Male shoppers also have a taste for food gifts, such as snacks, sauces and condiments. Sheets, for his part, says that his store has become known for its custom food baskets; for Father’s Day, he reports that the hottest items—literally and figuratively—are spicy foods and accompaniments.
Retailers thinking outside the box for guys can also think outside of the actual home. “Men’s garden figurines and other garden items have been strong for us,” reports Sheets. Meanwhile, at Dixboro General Store, Dani cites her shop’s outdoor lawn art that includes pieces fashioned from golf clubs and tools. “It looks like a whimsical flower, but with nine irons all over it. It’s something a wife would like and a guy would think is cool,” she explains.
Reeling in Sales with Traditional Icons
Even as different items for guys have opened up new possibilities for retailers, most businesses still offer tried-and-true merchandise related to favorite male pastimes like golfing, fishing, baseball, football, racing, hunting and other sports and hobbies. Indeed, these icons can also be known as “guy-cons.”
Still, what’s old is new in many ways. Dani, for her part, says that she thinks a new wine topper with a golf ball shows that today’s men can be wine connoisseurs as well as scratch golfers.
Finally, as the toll of the economic downturn continues in many areas of the country, price point remains a driver of sales in men’s gifts—just ask any business owner who has lived through the past few years. Boulder, Colorado–based Leanin’ Tree, for instance, offers boxed gift mugs and magnets that are both affordable and distinctive. “These are low-cost, functional gifts that have held up as fun, impulse sales items,” says Patrick Wallace, marketing director.
Likewise, even in an era of e-mail, stationery is a gift that is at once practical and thoughtful. A series of ManCards for the Thoughtful Gent is one example of a line that has found its niche. “Not every man writes thank-you notes or notes of encouragement, but when the economy is down, what better way to thank someone for a business referral—sure, they could send an e-mail, but the written word has great impact,” points out Kara Magrin, president of the Aurora, Colorado, company.
To engender customer interest, it helps to appeal to both genders for Father’s Day. Sure, a gift ultimately must be appreciated and used, but it’s typically women who buy the presents for the men in their lives and their children’s lives. Keeping that in mind, storeowner Brenda Dani, says she “softens” displays for Father’s Day by also incorporating greenery and home decor items that are gender neutral, rather than make an area overly masculine.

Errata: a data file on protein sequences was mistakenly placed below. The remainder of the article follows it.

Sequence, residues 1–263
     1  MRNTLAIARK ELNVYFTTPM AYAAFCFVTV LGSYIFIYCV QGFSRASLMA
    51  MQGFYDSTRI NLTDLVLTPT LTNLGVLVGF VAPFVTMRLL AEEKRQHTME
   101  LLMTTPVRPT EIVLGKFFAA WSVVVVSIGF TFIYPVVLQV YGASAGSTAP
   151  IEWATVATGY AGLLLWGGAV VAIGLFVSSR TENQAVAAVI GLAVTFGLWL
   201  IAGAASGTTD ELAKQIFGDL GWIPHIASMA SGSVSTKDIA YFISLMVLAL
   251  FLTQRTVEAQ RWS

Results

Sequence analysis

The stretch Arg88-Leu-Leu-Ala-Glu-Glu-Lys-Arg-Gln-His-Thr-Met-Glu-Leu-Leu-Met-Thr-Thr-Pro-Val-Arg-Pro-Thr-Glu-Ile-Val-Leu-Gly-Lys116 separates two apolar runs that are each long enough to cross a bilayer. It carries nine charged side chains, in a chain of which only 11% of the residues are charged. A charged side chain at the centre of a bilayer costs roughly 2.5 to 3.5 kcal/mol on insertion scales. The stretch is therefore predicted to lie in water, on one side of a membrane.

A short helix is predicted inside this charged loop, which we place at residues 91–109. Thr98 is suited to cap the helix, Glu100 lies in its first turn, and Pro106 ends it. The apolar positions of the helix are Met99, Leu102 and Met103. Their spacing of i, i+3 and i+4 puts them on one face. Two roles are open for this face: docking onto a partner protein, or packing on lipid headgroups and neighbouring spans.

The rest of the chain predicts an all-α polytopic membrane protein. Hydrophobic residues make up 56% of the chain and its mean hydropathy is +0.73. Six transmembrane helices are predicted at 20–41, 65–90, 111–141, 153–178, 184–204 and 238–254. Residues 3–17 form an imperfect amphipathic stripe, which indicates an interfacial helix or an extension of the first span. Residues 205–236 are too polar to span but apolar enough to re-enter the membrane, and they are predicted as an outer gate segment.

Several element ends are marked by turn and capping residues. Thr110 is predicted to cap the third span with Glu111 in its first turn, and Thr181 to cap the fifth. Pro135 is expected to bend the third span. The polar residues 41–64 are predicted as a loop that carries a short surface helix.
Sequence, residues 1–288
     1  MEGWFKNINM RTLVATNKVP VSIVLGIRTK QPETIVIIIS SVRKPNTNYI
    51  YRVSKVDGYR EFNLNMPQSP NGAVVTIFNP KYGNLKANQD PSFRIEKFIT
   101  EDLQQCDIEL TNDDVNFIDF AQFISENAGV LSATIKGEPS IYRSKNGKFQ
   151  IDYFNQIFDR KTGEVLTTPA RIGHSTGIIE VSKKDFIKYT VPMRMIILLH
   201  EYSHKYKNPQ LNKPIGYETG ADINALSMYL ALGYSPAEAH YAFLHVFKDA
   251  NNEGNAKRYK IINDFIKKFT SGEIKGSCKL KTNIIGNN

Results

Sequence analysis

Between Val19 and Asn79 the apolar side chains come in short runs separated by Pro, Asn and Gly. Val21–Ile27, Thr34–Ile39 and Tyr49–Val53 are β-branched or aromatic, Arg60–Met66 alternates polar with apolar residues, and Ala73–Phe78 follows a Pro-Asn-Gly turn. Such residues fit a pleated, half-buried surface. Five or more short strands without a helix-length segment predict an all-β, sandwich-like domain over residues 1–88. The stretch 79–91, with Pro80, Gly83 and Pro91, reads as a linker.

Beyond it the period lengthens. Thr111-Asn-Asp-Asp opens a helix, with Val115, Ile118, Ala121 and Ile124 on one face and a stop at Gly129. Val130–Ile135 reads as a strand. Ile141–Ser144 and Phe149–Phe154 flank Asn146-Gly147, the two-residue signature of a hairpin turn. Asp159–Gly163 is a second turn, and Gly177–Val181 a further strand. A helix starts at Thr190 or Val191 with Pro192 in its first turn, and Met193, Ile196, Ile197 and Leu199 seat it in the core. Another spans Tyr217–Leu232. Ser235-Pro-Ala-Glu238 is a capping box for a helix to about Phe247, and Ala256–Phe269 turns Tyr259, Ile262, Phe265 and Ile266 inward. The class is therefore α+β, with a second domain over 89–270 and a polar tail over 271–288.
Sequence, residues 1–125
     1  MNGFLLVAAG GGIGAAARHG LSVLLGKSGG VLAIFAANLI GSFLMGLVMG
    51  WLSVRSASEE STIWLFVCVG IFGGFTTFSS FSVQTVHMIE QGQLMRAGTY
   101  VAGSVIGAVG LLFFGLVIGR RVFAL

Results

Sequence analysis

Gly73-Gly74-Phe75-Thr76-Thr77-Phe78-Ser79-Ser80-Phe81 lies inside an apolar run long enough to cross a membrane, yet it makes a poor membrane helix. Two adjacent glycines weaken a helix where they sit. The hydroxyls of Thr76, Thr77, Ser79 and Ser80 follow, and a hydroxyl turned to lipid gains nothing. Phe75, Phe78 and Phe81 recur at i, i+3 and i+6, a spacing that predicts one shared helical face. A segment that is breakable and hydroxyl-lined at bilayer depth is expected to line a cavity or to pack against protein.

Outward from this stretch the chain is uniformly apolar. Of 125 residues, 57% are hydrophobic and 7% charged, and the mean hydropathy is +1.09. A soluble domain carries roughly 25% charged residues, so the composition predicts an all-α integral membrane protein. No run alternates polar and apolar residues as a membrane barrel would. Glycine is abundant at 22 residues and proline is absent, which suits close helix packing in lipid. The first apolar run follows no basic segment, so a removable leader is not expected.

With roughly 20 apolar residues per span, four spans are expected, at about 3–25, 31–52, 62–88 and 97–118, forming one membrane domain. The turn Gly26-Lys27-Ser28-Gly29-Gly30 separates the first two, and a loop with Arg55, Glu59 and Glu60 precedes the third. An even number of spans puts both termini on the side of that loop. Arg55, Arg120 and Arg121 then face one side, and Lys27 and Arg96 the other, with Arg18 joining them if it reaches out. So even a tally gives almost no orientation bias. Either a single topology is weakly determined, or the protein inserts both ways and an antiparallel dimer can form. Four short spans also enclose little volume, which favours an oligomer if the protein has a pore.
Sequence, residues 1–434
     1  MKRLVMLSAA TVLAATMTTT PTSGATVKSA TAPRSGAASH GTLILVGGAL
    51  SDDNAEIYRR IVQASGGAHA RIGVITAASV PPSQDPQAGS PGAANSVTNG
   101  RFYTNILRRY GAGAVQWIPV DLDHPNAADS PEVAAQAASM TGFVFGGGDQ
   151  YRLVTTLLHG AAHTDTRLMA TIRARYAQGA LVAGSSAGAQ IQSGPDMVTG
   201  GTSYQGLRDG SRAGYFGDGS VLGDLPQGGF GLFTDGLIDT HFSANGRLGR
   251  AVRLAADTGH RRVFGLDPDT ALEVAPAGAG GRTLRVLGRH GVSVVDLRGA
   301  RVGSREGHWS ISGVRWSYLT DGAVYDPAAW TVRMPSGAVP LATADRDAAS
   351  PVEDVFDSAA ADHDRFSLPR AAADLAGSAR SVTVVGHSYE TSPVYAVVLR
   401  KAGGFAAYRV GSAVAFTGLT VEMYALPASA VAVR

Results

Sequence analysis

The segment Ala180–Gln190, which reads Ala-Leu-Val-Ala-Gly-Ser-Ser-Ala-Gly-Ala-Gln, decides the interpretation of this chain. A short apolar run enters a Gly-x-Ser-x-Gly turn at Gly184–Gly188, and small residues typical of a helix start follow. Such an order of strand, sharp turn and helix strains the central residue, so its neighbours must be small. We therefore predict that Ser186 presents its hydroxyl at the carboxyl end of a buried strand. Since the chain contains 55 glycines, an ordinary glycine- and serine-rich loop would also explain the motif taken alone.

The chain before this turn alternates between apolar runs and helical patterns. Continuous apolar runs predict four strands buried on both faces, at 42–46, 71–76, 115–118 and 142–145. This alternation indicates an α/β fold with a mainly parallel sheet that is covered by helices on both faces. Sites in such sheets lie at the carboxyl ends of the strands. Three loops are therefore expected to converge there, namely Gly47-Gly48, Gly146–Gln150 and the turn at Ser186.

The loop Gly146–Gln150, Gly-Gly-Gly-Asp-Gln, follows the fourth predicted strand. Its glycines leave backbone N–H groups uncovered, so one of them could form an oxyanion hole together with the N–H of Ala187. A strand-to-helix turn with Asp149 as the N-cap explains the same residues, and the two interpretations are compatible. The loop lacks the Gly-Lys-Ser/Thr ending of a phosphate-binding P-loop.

To spread the love, so to speak, here are some other tips for creating displays that warrant a closer look or a second look from both female and male buyers:
Really feel it: People use all of their senses when shopping, so tap into their sense of touch by setting out items that practically call out to be picked up. For Bergino’s collection of handmade, retro baseballs, Jay Goldberg eschews traditional acrylic boxes. “A baseball is meant to be held and touched—that is the beauty of it,” he says. Customers can use that sense of touch to check out the quality and usefulness of a host of other items, like grilling accessories or garden tools.
Gauge the age: The generation gap may not be terribly huge among men, but keep in mind that there are differences between older men and younger men. What sells for dads in their 20s and 30s may not work for those who are older. Kara Magrin, president of ManCards, has found that younger men take active interest in things, and are more likely to write their own notes and hence appreciate gifts like stationery and note cards. Meanwhile, guys who are mature, even those just north of 30, are a target audience for nostalgic items.
Devoted to Dad: Like Halloween and Christmas, Father’s Day can be merchandised in special occasion displays to immediately attract the attention of shoppers on a mission. When grouping together like-themed, masculine items in a special section, table or other display, it’s a good idea to mix in greeting cards and even some food items. If showcasing foods, whip up some samples for customers to whet their appetite in more than one way.
Lynn Petrak, a La Grange, Illinois, writer, recently gave up a storage room in her basement so her husband could build his own man cave with model trains and accessories.
Acme Studio, Inc.
Desperate Enterprises, Inc.
ManCards for the Thoughtful Gent
Ohio Wholesale, Inc.